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At TimeBank we rate volunteer mentoring above all else ...

It seems that there’s a day for everything these days and today it’s National Mentoring Day! Who knew that was even a thing?! I’m pleased that it is though because at TimeBank we rate mentoring above all else and we’ve been doing it for a long time, usually alongside some of the most vulnerable groups in our society.

Back in 2002 before even I joined TimeBank we were awarded a large Home Office Grant (remember the heady days of Government Grants?!) to run a volunteer led mentoring project for refugees – a huge piece of work which resulted in over 2,500 refugees matched with volunteer mentors across 24 locations in the UK and working with a vast range of local refugee community organisations. Each relationship aimed to support a refugee to integrate more effectively and more quickly into UK society. How life comes full circle because we’re running a new version of that project 15 years later – but more of that below.

From this first and most successful project stems pretty much our entire volunteer mentoring model and one we have developed and honed over the past 15 years and remodelled to work with a wide variety of complex social issues. These have included young people with mental health problems transitioning from child and adolescent mental health services to adult care, veterans with mental health problems trying to cope with civilian life, carers struggling with the stresses of caring for a loved one, young care leavers transitioning into the adult system and into employment, young people not in education, employment or training, Muslim women to enhance their digital and English language skills, and back full circle to two of our contemporary projects working with refugees, both supporting them into UK society and into sustainable employment.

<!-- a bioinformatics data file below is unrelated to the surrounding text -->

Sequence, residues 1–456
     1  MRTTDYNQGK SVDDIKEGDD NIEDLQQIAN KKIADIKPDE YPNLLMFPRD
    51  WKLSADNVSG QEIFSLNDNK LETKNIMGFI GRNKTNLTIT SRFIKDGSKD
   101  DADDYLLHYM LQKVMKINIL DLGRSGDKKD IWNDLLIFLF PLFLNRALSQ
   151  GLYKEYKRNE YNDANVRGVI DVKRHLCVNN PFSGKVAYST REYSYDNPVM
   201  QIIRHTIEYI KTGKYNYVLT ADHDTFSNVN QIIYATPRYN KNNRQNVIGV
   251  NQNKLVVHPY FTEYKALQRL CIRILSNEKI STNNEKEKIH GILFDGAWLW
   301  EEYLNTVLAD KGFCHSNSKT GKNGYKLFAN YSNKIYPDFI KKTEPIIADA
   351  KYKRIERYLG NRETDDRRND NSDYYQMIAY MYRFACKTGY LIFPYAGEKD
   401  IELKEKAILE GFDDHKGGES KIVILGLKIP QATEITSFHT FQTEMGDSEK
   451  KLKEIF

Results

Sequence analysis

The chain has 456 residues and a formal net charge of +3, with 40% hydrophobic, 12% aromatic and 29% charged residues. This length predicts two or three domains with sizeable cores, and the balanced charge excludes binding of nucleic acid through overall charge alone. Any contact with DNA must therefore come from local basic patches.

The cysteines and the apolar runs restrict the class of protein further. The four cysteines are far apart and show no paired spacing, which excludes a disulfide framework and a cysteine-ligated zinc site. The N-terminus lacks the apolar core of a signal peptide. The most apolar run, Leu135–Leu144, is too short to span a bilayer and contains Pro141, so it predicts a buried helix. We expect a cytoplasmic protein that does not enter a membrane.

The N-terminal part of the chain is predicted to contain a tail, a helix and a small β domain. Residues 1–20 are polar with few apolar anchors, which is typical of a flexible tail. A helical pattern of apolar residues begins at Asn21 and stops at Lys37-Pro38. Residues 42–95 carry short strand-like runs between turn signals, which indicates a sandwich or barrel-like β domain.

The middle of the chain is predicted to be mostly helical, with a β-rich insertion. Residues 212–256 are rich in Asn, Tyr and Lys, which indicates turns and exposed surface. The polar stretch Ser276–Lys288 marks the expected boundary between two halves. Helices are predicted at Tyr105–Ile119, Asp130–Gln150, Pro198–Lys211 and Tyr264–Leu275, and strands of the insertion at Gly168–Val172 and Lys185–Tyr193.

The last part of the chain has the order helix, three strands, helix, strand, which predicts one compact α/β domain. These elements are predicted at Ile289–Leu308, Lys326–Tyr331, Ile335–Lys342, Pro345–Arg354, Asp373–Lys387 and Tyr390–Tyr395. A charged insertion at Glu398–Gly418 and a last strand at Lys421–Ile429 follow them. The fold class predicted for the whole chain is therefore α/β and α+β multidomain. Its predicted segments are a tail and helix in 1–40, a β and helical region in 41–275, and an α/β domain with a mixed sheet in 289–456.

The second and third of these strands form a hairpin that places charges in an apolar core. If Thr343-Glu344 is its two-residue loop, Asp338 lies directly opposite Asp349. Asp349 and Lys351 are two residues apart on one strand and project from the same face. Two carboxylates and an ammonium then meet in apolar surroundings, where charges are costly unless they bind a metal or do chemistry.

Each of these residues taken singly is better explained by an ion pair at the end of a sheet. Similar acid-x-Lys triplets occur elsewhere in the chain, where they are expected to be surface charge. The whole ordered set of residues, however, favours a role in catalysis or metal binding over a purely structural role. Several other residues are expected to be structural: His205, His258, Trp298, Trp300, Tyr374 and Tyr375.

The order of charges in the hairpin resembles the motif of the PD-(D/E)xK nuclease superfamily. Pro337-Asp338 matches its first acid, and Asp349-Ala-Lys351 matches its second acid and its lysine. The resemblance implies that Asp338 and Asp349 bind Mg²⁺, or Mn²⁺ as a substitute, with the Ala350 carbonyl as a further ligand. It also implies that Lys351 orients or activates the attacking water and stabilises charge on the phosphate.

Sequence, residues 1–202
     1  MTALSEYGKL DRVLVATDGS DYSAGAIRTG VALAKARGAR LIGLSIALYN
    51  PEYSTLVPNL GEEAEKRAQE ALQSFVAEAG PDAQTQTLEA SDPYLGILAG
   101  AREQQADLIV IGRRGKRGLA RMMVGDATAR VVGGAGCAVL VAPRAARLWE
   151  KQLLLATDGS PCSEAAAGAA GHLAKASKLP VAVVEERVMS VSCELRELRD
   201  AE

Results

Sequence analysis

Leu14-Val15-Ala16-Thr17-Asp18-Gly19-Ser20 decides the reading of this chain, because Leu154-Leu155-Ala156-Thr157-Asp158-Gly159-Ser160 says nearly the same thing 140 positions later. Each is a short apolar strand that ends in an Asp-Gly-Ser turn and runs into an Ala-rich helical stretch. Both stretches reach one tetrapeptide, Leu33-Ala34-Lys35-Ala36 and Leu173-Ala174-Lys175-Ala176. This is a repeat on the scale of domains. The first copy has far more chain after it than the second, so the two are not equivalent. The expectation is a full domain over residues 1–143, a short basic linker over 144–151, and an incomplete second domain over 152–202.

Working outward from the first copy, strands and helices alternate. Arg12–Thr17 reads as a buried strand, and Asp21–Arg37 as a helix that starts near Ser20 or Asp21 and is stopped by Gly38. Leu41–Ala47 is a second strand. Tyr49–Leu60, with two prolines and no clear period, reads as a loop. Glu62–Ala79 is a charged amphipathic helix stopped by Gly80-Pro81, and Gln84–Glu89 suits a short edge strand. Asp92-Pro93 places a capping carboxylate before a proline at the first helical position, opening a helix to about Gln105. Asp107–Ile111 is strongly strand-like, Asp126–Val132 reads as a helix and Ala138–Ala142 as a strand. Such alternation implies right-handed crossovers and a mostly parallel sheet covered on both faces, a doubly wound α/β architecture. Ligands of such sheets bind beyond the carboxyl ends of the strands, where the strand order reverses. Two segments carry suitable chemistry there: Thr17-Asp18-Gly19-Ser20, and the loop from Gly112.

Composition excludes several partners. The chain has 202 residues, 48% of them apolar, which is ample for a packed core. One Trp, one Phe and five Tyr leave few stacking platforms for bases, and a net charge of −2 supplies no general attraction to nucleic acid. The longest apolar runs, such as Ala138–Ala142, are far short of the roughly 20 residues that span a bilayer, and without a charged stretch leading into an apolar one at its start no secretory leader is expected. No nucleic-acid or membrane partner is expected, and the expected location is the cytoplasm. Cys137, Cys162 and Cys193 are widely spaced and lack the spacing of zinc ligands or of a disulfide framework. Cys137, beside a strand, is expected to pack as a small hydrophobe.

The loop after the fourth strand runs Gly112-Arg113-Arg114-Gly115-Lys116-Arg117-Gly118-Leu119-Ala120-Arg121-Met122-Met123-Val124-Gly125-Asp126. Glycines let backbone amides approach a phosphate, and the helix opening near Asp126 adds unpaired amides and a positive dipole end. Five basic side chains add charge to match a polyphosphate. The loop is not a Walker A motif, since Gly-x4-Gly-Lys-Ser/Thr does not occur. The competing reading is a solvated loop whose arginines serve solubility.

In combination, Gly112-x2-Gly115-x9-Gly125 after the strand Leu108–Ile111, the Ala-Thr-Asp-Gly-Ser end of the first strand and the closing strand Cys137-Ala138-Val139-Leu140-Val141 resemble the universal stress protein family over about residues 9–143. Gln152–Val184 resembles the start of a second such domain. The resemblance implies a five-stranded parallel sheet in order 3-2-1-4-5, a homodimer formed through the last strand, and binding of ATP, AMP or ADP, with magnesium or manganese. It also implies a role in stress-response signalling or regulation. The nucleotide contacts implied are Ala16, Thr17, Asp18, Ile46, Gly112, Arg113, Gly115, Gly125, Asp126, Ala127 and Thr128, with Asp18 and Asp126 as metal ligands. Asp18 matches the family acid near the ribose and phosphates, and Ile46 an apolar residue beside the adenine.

In a successful mentoring relationship the mentor supports the mentee to identify their skills, build on their strengths and their interests to empower change. The beneficiary identifies the goals they hope to achieve and the role of the mentor, in addition to being a sounding board and holding the beneficiary to account, is to encourage resilience and fortitude in pursuing those goals. Effective mentoring skills include; building trust; active listening; establishing boundaries; safeguarding and confidentiality and to break down the mentee’s goals into achievable targets. The mentoring is finite because we do not want to create dependency. Our aim is to empower individuals to make decisions, act and move forward with their goals.  

I think our model is so successful because it’s volunteer-led and our volunteers bring with them a wealth of skills and experience from their own lives. Plus it’s not always easy working with people with big problems in their lives so it’s a meaty volunteering opportunity that you really have to be dedicated to.  

One final thought on National Mentoring Day is that you don’t have to have big problems to benefit from the value of a mentor. For example, I both mentor someone in our sector at a different stage in their career to me and have a mentor - someone outside my world and circle of friends or networks who listens to the challenges of charity chief executive life – who helps clarify my thoughts about what’s good and bad and how best I can move forward – someone whose sole role for the hour or two that we spend together is to listen to me musing about life and that’s a real treat in a world where taking time out to think and create some head space is a rare but very much needed commodity.